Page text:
Forest Park residents can check out everything from laptops to speakers to a mini keyboard and synthesizer, for no cost, through the Forest Park Public Library’s latest pilot program. It is the most recent adaptation for a library that continues to evolve to meet its users’ needs.
The 21-item “gadget collection” sprang from the COVID-19 pandemic, when the library, like much of the rest of the world, responded to a more online reality in which access to technology, especially things like computers for school-aged kids and video connectivity for older adults, became a crucial part of day-to-day life.
So, in July of this year the library rolled out what it calls its gadget collection — a mix of technology that includes tablets, laptops, a projector screen, webcams, portable DVD and Blue-Ray players, a digital camera, a light therapy lamp, a media hub, power bank, Bluetooth speaker, synthesizer, microphone, audio recorder and even a boombox — and the response so far has been a resounding thumbs up.
“It’s been popular, for sure,” Amilcar Perez, an adult services and outreach librarian who manages the collection, said. “There’s the impression of, ‘oh, I didn’t know that this was here. This is amazing.’ And I think that illustrates the concept of a library as larger than what is regularly perceived.”
“The library mission has expanded a great deal in the past decade, and I think part of what we do is help people access information and resources; really the key word being access,” Pilar Shaker, the library’s director, said. “This is just another way that we can support research, exploration and access so that people in our community can further their personal and professional goals.”
“We also learned during the pandemic that we can’t assume what kind of access people have to technology,” she said.
To Perez, who was leading many of the library’s technology-based programs before the pandemic began and who still conducts 1-on-1 tech consultations for those who need help, the gadget collection hits on several of the library’s core purposes, including giving patrons the tools necessary to succeed in the current world. That could mean anything from giving computer access to a job seeker who needs to apply online to providing technology for a student to achieve success in the classroom.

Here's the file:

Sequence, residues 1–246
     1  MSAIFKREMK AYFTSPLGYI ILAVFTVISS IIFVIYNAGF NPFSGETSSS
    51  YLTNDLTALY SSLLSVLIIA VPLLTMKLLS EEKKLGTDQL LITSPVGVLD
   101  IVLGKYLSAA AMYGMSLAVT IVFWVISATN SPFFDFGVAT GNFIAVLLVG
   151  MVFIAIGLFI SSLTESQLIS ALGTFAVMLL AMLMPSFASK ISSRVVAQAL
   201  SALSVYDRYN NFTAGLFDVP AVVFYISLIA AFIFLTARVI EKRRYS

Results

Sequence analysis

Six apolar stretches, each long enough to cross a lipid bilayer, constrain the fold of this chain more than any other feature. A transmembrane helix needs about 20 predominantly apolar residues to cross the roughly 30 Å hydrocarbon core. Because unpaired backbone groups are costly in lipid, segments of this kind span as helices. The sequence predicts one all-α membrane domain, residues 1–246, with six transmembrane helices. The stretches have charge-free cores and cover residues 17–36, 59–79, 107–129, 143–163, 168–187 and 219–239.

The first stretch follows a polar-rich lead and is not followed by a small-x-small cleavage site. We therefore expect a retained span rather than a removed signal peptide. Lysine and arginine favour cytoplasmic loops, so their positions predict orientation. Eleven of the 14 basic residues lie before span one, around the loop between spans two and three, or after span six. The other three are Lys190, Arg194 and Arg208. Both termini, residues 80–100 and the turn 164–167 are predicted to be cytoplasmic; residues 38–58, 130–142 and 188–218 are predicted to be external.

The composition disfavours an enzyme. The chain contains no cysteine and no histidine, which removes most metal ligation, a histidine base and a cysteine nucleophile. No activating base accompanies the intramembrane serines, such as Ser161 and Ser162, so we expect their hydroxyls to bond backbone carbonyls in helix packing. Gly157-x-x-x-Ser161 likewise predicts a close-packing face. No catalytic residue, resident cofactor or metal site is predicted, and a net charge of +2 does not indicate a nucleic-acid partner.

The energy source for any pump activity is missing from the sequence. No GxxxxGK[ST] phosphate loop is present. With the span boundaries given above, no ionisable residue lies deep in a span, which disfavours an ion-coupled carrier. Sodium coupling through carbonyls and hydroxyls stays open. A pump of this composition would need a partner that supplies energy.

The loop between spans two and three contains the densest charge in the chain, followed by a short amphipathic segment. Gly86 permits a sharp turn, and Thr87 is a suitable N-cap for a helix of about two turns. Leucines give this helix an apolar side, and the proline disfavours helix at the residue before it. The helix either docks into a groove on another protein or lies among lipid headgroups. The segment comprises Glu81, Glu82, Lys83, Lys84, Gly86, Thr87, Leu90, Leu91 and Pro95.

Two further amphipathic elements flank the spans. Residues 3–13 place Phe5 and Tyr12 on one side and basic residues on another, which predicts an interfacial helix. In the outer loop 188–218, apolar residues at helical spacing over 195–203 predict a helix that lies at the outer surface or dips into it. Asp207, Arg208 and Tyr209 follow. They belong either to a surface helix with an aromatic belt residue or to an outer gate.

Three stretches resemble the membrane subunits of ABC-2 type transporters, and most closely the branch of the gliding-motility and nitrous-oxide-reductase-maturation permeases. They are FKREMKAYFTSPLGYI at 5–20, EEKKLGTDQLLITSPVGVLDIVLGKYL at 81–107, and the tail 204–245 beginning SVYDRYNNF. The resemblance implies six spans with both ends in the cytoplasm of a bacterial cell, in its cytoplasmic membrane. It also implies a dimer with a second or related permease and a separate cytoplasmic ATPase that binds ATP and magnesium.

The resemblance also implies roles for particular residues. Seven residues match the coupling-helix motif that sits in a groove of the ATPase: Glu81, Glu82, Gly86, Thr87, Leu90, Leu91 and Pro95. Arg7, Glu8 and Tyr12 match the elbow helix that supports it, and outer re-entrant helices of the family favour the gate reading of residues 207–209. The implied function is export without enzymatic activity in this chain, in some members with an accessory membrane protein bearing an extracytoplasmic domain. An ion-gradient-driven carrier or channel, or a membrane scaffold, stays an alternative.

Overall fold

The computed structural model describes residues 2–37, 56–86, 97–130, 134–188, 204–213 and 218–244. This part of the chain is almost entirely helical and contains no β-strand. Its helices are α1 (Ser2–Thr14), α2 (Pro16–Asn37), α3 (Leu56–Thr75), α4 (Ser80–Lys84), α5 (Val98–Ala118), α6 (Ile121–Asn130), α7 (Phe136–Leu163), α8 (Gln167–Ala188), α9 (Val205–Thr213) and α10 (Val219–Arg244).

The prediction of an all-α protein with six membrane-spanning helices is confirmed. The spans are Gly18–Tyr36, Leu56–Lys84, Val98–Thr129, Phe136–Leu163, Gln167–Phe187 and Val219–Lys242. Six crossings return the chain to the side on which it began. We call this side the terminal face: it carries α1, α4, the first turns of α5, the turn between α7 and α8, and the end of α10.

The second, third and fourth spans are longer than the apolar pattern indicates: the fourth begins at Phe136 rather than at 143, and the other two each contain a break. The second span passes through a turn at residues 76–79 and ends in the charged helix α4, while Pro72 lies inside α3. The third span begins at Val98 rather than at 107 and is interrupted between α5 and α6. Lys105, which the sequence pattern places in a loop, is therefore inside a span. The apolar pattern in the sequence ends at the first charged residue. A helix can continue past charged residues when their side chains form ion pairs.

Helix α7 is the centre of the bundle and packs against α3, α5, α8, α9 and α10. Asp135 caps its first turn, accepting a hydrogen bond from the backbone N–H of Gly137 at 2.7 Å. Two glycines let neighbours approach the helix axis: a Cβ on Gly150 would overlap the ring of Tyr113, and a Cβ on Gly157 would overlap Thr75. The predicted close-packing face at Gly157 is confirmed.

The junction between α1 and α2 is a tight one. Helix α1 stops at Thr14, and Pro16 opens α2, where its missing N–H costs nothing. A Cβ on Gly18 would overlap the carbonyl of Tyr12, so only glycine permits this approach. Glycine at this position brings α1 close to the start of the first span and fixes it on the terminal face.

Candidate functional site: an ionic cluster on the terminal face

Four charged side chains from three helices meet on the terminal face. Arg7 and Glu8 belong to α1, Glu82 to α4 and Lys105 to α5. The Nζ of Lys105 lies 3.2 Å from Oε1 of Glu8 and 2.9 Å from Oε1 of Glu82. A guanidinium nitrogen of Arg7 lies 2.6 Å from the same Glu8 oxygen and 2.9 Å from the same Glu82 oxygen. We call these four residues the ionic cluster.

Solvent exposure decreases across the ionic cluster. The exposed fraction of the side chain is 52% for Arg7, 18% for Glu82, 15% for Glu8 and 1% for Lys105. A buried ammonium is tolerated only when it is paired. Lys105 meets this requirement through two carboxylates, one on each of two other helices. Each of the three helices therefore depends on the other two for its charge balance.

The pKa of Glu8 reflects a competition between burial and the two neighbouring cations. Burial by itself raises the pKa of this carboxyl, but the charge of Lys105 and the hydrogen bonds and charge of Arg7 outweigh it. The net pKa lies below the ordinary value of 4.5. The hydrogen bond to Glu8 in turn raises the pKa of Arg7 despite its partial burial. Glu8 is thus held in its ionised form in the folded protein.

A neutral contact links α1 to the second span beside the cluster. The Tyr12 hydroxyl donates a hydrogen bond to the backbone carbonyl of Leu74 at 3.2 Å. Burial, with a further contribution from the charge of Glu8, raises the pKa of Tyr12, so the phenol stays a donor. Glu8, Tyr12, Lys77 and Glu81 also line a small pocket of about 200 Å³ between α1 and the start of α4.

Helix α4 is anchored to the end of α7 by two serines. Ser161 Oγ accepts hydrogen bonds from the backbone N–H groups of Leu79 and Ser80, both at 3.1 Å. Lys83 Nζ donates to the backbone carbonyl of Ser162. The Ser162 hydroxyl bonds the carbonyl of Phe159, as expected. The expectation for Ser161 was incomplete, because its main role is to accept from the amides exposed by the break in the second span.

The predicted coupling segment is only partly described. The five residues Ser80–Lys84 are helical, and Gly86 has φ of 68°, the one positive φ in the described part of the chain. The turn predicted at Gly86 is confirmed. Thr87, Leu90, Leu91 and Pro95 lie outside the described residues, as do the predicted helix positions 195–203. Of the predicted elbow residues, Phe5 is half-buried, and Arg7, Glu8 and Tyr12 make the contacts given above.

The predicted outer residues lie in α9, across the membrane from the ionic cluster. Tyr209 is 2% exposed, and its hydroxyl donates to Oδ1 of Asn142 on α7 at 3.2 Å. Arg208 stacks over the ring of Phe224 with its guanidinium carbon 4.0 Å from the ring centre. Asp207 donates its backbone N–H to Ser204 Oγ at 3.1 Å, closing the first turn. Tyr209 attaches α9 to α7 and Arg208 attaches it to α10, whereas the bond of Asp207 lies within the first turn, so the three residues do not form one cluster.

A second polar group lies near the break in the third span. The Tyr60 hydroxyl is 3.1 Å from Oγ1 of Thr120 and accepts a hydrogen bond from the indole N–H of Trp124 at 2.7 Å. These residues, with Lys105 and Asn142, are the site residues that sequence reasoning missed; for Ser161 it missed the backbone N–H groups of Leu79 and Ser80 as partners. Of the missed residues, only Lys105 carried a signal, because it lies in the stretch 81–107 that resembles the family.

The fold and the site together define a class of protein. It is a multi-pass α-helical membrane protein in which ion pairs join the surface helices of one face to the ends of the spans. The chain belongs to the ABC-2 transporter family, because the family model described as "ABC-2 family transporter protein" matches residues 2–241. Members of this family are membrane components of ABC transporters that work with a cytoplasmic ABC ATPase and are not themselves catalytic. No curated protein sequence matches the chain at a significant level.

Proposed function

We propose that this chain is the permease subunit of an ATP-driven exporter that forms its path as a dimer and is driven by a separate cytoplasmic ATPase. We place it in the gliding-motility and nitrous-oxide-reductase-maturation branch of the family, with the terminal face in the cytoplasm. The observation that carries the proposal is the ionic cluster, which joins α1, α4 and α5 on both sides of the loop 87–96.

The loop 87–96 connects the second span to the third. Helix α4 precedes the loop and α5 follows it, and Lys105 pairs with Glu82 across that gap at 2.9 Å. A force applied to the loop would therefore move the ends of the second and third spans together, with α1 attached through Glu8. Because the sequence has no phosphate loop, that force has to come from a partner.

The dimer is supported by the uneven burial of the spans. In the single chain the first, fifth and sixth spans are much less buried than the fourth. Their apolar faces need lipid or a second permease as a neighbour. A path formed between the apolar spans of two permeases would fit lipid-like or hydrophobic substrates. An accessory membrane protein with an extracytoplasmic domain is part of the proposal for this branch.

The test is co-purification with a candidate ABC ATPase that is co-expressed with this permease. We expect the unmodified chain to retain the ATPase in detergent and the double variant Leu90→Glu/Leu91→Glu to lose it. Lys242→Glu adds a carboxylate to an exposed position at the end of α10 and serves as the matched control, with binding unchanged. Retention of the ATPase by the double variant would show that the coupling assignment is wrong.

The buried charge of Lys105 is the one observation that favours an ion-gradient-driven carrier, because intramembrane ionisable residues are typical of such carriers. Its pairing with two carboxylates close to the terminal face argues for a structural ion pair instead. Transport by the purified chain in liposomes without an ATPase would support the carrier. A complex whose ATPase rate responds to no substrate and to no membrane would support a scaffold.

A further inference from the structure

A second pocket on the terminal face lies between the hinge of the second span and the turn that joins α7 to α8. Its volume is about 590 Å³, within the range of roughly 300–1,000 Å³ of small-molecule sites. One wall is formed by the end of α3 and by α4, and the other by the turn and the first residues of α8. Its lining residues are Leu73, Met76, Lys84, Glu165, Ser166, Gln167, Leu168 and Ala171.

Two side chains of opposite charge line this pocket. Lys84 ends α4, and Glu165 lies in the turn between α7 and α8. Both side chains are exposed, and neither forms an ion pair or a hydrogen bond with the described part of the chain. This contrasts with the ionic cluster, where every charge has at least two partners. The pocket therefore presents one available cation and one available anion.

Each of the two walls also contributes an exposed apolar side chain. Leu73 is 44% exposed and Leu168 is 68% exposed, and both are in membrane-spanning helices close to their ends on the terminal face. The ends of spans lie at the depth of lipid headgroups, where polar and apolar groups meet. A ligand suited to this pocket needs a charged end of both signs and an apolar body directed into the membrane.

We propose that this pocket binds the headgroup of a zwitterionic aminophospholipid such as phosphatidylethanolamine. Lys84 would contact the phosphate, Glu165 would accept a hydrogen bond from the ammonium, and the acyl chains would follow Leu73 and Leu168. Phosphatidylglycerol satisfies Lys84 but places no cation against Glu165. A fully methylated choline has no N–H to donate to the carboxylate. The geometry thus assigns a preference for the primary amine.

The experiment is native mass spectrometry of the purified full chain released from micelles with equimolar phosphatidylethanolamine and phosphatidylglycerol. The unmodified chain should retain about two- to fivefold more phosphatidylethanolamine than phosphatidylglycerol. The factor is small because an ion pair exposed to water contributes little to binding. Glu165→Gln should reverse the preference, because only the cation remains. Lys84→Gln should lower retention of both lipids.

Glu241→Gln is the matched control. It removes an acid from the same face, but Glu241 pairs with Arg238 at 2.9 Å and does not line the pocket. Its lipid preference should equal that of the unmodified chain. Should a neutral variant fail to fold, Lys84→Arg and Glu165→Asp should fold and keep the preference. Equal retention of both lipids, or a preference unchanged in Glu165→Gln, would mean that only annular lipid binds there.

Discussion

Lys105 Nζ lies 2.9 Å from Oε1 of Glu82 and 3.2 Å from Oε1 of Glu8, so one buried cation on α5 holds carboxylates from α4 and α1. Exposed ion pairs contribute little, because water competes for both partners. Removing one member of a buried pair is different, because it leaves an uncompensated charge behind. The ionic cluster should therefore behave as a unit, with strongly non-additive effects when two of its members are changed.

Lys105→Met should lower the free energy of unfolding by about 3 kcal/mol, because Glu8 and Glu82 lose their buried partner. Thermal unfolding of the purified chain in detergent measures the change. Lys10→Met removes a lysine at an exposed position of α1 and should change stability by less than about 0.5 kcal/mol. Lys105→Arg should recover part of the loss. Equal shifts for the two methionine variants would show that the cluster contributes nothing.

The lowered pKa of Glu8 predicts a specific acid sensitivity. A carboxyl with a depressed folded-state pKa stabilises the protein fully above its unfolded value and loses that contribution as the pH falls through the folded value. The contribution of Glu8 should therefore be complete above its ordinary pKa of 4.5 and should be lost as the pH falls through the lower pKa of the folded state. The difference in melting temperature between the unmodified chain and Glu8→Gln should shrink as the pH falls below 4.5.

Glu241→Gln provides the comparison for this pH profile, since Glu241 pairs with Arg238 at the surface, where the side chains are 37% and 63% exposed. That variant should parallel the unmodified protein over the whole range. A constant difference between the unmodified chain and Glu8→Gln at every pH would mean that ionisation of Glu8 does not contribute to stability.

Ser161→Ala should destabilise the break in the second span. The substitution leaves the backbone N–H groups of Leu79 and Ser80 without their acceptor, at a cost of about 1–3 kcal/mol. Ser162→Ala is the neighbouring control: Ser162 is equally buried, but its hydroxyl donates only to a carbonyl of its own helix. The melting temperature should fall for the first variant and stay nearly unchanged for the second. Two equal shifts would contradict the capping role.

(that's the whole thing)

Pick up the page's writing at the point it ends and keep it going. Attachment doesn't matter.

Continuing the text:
But a piece of the gadget collection is a focus on fun, too, and making gear available to Forest Parkers who could not otherwise afford to buy the sometimes-expensive technology.
“Why would somebody need to buy a gadget if they can check it out at the library and try it out,” Perez said. “Or if they are going to use it once.”
In one of the more creative examples Perez cited, a group of people decided to check out a mobile theater kit that lives among the collection this summer, and used the projector, screen, speaker and tripod to set up a private outdoor screening of the Opening Ceremonies of the Tokyo Olympics.
The initial financing for the gadget program came from the library’s operating budget and both Perez and Shaker said the program will be reassessed before it reaches its final form, but Shaker said the program is “not a pilot in the sense of I think it’s going to stay.”
“I can walk past the shelving display and see that it’s been two-thirds checked out since we initiated the program,” she said. “I think what we’re looking to learn from this pilot phase is what exactly our community wants to check out from the gadget collection … as we learn and get feedback from people, or see what is or isn’t circulating, we can tweak those things and customize the collection to what is attractive to the community.”
The success, and potential growth, of the gadget collection could also serve to expand the library’s reach, attracting a person to the building who otherwise might not be interested in browsing the hardcover books available there. And once someone begins to explore the library, Perez and Shaker believe they can open peoples’ eyes to the entire array of programs and items that are available.
“Any project or program that we do that captures a non-users’ attention, especially if it’s one that brings them into the library, is helpful in that sense,” Shaker said. “Even if they don’t find another thing they’re attracted to … that’s why we are constantly trying to do new programs and have new collections even if people aren’t asking us for those things.”
More information on the library’s gadget collection, including an online catalog, can be found online at fppl.org or at the library itself, 7555 Jackson Blvd. in Forest Park. The gadget collection is currently available only to Forest Park residents.